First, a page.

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时间:2017-08-31 15:52来源:未知 作者:Kevin
Stately homes and period buildings offer a number of differences to our more common, urban homes. Despite the obvious differences in decor, one of the most striking changes is how far our amenities have come. The bathrooms and kitchens of these upper-class estates are all reminiscent of a Victorian era, yet one aspect of these homes which is beginning to transcend into the properties of today are cast iron radiators. Yet, the most pressing question when discussing this change is why are people suddenly making the switch from the modern, steel radiators back to the rustic, cast iron radiators from yesteryear?
The most obvious difference between cast iron and steel radiators is their appearance. The plain, white steel radiator is a staple in any home, as it can match any style of decoration and is almost flat against a wall. A cast iron radiator is the polar opposite to its modern counterpart. Especially when reclaimed, cast iron radiators have a more weathered look, and the shape of them means they stick out from a wall rather than running along it. However, the design of a cast iron radiator offers one of the most apparent benefits in terms of design. With a longer length than a steel radiator, the design of a cast iron radiator allows for more wall space as the width is considerably shorter than a steel alternative. By readdressing the balance between width and length, the space on your walls will increase, allowing for more storage units such as cupboards, drawers and wardrobes, or you can leave the space bare to give a more open feel to your home. If you are looking to maximise space in any of your rooms, then making a simple switch from modern to traditional is the way to go.
Although the look and theme of your home is important, the main selling point of any radiator is how well it heats your home. When it comes to heat, there is a reason why cast iron radiators are far more common in larger buildings. Steel radiators are preferred in smaller homes as they give off a quick, short blast of heat and cool down faster. Again, cast iron radiators are completely different. Although they take slightly longer to heat up in comparison to steel radiators, our more traditional radiators are heavier and therefore more dense, meaning they retain more heat and emit it for longer. They also take much longer to cool down, meaning rooms will remain heated for longer. Cast iron radiators are a more gradual option for warming a home, and steel radiators are quicker, and designed for a fast warm up and a faster cool down.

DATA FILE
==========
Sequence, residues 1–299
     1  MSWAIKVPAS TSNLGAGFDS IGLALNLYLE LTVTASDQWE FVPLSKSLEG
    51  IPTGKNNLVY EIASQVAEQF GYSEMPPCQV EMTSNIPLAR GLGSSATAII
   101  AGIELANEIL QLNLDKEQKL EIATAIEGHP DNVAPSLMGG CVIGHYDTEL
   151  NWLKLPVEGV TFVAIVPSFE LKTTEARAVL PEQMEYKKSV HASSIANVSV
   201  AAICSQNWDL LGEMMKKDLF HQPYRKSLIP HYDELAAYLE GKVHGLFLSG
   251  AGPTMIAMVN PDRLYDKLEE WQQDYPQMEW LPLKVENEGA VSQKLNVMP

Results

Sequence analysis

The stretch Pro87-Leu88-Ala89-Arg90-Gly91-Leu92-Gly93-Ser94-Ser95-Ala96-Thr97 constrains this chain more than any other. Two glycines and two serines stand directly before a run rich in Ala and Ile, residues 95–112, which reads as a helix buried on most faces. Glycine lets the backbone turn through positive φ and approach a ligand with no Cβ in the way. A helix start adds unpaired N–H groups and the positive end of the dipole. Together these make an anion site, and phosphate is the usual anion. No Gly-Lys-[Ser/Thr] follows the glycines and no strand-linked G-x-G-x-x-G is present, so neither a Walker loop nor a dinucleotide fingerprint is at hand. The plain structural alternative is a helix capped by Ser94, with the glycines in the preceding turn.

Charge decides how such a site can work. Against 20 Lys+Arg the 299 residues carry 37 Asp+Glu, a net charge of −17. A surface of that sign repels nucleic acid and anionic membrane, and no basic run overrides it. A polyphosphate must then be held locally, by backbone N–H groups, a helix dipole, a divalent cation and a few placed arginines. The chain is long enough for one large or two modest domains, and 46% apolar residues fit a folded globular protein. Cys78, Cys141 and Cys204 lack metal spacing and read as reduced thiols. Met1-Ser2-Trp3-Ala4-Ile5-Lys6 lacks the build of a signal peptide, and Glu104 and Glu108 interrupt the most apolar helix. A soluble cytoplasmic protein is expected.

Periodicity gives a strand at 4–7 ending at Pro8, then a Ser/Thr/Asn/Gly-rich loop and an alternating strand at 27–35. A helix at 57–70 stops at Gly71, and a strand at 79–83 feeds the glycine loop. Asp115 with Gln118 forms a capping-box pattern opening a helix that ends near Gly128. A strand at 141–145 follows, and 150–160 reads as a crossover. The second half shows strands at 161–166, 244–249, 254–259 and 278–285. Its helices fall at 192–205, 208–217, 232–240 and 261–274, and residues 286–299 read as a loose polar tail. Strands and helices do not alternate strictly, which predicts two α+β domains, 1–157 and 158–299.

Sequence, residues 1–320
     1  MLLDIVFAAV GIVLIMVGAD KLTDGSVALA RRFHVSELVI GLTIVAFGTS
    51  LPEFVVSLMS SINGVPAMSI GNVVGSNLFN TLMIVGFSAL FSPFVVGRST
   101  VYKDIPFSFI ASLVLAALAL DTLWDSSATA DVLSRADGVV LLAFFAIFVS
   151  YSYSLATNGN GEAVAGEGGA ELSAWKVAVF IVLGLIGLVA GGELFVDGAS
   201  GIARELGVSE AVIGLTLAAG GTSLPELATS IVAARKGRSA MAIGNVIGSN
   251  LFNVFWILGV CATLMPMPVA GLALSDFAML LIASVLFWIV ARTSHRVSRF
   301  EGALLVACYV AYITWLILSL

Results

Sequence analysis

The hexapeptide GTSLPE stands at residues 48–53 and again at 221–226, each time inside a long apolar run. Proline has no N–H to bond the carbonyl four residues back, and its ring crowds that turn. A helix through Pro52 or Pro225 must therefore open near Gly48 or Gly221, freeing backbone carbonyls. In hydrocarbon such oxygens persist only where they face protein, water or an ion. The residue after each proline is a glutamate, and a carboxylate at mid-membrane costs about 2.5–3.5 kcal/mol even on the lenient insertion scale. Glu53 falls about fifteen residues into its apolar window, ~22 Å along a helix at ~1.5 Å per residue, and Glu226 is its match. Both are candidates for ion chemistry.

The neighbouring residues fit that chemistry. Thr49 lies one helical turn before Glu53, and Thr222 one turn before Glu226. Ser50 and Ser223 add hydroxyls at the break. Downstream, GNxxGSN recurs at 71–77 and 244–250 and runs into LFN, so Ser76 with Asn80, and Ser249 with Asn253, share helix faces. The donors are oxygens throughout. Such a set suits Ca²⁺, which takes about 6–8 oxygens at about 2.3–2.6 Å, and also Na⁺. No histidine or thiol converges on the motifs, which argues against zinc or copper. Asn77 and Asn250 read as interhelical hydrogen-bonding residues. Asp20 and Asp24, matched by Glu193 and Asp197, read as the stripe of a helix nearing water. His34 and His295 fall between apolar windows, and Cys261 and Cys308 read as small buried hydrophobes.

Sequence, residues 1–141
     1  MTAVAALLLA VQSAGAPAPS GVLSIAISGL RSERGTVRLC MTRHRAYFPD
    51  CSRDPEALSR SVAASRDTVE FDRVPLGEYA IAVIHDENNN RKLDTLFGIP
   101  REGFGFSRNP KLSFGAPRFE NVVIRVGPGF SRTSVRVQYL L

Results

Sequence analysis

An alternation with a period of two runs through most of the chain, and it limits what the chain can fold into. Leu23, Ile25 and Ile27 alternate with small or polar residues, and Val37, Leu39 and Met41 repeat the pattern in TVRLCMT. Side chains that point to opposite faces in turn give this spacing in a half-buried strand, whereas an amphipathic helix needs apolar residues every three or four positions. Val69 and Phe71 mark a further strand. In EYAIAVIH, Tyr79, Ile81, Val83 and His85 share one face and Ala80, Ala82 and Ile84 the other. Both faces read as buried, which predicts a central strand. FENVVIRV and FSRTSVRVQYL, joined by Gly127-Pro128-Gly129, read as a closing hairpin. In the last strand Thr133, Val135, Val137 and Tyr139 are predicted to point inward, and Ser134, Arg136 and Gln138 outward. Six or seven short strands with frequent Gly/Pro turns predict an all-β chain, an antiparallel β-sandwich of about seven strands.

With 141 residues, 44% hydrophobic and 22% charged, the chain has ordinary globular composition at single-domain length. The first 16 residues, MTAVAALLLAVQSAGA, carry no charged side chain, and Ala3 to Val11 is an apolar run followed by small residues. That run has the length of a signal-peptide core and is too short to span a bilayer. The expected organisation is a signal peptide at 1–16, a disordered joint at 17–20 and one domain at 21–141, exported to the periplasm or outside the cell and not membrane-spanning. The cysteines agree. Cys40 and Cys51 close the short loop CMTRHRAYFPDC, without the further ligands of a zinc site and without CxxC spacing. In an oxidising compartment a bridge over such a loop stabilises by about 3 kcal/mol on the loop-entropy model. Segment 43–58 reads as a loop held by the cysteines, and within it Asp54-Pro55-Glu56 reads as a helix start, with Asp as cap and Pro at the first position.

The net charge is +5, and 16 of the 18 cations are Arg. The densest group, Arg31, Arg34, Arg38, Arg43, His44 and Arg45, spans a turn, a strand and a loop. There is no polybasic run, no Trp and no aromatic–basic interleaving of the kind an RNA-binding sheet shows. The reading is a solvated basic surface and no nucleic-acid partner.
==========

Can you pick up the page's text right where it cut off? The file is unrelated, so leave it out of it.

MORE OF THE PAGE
In terms of emissions, heat is a big factor. Due to their material, cast iron radiators can produce a much higher temperature than steel ones; as the heat lasts for longer, they also don't need to remain on for as long as their steel counterparts. When powered by natural sources such as a ground source heat pump, cast iron radiators are just as energy efficient as the environmentally conscious steel heaters.
With cast iron radiators, the amount of heat they produce, combined with their primitive appearance, can give cause for concern in terms of how safe they are. To conform with modern health and safety guidelines, however, most cast iron radiators are now complete with a convection fan which will extract any harmful particles from the system and recycle them back out into the air evenly. Although this design has made its way into our homes from the 18th century, the speed in which it has caught up with safety and emission guidelines means there is no reason as to why cast irons should be ignored as a viable option for heating your home.
When stood up against a steel radiator, cast iron heaters match, and in some areas, surpass the models of today. Evidently, there will be times when a steel radiator is a more suitable option, such as if your home is already well insulated and the rooms are smaller, for example. However, if you are looking to reduce your energy bills but do not want to compromise the warmth of your home, especially in the dead of winter, then cast iron radiators can provide a longer lasting level of heat for your home, while still being environmentally aware.
Kevin ,28th ,Aug ,2017